'Saw' Was Inspired By A Crippling Migraine And Mel Gibson's 'Mad Max'

Inspiration comes from the most unexpected, and occasionally painful, places.

When James Wan and Leigh Whannell’s horror masterpiece, Saw, was dropped upon us back in 2004, it was something of a revelation. Nothing pointed to the film being a success, let alone being an iconic entry into the horror movie lexicon due to its premise, the traps, iconic scenes like the leg sawing bit, and Jigsaw as the mastermind antagonist.

Yet Saw proved to be the little scary film that could, becoming one of the most successful horror movies ever, and it’s even more unbelievable when you consider that the movie only turned out the way it did because of a migraine and Mad Max.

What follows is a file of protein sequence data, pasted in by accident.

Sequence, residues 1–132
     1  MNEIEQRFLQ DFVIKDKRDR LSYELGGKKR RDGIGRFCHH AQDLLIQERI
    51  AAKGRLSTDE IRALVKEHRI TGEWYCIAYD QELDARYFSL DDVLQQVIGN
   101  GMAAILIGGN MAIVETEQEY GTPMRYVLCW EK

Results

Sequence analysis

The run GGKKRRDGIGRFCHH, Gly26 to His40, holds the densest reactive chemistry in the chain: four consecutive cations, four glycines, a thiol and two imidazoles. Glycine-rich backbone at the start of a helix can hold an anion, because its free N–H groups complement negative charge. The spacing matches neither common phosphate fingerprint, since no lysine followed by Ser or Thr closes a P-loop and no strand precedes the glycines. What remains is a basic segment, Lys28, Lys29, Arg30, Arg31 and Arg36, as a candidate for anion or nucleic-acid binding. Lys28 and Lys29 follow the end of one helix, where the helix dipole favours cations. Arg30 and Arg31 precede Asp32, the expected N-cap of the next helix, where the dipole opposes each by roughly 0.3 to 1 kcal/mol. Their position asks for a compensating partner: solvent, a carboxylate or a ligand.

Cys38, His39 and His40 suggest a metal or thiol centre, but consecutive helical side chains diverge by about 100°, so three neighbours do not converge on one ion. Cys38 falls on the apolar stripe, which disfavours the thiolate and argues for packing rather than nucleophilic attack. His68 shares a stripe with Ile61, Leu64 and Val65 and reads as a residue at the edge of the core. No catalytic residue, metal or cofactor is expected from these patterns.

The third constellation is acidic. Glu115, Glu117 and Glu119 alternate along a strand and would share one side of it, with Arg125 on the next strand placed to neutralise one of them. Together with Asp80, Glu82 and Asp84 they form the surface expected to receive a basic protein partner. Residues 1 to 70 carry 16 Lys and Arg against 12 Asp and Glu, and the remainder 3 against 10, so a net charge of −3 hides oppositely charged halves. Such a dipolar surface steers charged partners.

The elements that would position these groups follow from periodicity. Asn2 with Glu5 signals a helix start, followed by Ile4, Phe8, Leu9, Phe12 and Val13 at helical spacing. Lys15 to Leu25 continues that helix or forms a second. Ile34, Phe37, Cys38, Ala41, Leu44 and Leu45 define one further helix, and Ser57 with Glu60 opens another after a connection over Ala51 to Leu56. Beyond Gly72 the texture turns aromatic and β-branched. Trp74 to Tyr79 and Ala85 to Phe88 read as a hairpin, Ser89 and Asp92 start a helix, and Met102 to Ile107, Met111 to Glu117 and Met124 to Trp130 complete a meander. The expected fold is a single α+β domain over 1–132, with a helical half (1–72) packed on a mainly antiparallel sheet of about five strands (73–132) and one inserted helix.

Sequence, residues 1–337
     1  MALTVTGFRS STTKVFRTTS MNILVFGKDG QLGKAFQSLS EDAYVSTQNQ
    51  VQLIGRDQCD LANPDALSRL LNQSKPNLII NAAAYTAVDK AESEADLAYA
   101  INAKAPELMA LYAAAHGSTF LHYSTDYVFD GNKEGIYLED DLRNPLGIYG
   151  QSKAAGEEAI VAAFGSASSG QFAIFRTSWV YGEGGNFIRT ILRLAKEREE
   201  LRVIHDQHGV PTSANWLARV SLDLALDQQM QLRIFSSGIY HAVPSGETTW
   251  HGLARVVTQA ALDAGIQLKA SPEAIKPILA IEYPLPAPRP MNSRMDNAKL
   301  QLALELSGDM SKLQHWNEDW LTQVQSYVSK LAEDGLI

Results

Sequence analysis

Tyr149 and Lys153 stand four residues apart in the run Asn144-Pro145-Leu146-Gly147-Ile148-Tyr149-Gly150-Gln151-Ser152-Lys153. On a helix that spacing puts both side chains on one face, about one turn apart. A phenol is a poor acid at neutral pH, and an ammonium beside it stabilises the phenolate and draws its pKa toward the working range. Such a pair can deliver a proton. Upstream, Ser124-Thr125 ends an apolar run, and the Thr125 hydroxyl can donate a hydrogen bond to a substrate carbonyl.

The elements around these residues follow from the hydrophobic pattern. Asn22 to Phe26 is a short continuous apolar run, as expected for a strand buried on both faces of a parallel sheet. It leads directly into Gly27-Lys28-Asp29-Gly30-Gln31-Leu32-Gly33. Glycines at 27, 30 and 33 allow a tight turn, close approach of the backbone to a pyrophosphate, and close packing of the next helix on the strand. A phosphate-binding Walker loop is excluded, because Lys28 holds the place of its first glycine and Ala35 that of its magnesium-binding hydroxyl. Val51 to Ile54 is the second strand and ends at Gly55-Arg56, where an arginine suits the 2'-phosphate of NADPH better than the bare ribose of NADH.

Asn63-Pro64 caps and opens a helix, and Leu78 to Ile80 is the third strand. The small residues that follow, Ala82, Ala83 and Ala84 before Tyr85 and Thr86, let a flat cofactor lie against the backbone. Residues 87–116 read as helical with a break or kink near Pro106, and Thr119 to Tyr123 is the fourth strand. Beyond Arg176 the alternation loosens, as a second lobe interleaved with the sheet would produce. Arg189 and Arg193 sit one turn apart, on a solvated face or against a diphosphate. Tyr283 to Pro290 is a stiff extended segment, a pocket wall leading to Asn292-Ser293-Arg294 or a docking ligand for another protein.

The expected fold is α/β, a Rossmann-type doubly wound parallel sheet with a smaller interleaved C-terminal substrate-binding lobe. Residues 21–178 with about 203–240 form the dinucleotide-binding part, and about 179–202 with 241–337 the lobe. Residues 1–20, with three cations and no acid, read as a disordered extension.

When James Wan and Leigh Whannell were still in the writing stages of Saw, Whannell was suffering from migraines due to stress and unhappiness over working at a dead end job he hated.

Convinced his migraine was a brain tumour, he went to see a neurologist and while waiting in the waiting room, he had the thought, “What if you were given the news that you had a tumor and you were going to die soon? How would you react to that?”

After combining that admittedly dark thought with the idea of someone putting others into a literal version of a life or death situation with only a few minutes to choose their fate, the memorable character of Jigsaw was born.